2.The Wide Field Cameras (1998-2004)
Commercial Nikkor 50-mm wide-field lenses have been used, attached to two ST8 SBIG CCD cameras, similarly to the Optical Transiend Monitor (OTM) that was in operation at the Astronomical Institute in Ondrejov.
Each pair of the BOOTES wide-field cameras was mounted atop the 0.3-m LX 200 Meade telescope, allowing long integrations of a previously selected region. The four cameras monitor the same region of the sky, both in the I and V-bands. At the proposed locations, typical limiting magnitude is V = 12 for an integration time of 30 s, and V = 14 for 300 s.
Figure: One of the first images obtained by the BOOTE S-1 wide field camera covering the BATSE error box for GRB 980808, taken 66-min after the event.
The system is based on the digital signal processor board Photomate 20 Signal Processor Board which consists of two TMS320C40 processors operated by commercial PCs. The frames taken at each station at the very beginning the night will be loaded into memory (the primary frames). During the rest of the night, sucessive frames (secondary frames) could be compared with the primary frame.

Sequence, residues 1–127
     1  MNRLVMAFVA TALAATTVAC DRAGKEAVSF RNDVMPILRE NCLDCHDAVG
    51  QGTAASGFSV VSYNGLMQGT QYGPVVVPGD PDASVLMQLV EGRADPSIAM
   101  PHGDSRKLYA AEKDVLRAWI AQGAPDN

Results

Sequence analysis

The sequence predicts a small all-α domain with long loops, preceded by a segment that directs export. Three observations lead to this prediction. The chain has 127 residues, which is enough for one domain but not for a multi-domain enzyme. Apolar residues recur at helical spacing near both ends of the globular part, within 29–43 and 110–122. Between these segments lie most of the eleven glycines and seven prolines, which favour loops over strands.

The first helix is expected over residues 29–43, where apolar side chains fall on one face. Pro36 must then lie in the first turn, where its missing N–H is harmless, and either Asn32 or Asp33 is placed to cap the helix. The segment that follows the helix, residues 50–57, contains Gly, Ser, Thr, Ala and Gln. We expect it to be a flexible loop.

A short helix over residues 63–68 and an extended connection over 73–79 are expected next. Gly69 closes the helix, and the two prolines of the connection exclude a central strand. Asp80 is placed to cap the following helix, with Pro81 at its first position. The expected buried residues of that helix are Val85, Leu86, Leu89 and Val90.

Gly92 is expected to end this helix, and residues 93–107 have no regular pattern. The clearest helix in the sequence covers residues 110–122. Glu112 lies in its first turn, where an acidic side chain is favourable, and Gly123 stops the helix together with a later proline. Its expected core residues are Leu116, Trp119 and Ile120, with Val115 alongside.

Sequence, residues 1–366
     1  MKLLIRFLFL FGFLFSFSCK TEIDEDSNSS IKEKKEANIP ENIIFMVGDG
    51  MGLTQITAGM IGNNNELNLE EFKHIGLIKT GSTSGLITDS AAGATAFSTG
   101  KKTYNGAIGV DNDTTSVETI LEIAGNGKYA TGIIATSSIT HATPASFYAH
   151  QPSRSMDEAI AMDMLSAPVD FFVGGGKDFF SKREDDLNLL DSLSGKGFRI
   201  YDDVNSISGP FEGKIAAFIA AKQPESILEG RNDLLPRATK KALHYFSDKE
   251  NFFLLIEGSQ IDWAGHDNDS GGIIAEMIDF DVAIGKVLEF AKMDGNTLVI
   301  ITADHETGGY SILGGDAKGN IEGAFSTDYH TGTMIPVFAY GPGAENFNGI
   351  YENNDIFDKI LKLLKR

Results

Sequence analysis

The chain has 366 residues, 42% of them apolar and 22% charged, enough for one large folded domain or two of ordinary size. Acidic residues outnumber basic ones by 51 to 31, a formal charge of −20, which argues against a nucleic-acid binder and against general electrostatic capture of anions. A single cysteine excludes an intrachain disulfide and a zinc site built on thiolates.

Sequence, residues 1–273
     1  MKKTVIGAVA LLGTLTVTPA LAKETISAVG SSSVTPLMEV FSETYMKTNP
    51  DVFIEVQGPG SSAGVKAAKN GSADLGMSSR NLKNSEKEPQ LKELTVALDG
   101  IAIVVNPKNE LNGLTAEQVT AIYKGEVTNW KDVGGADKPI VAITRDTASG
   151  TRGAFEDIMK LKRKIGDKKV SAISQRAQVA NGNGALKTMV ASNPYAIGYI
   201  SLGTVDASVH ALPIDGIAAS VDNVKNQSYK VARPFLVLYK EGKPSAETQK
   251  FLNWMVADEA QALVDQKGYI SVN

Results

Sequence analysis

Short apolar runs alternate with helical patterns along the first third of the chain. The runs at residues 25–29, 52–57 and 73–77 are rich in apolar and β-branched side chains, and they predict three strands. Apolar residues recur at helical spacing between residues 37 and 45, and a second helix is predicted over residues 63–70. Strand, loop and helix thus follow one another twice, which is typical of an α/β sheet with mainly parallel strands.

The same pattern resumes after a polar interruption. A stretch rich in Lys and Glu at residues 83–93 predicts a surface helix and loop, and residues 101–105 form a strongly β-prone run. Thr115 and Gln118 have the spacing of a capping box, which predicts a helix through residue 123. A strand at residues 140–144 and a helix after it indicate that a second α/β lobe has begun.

If a real flash were detected in the secondary frames, the coordinates of the flashing object and the images themselves would be transferred to LAEFF-INTA. If the flash were indeed of cosmic origin, an object at an identical position should have also had been recorded in the second twin station. Hence such a configuration will allow to distinguish flashing objects closer than 1 million kms, therefore ruling out satellite glints and another atmospheric and near space background.
Exceptionally, when information on a GRB position would be obtained from the GCN (the GRB Coordinates Network), the cameras used to provide images of the corresponding GRB error boxes. In fact, such capability is proven to be very useful on the basis of the large size of GRB error boxes monitored in Ondrejov.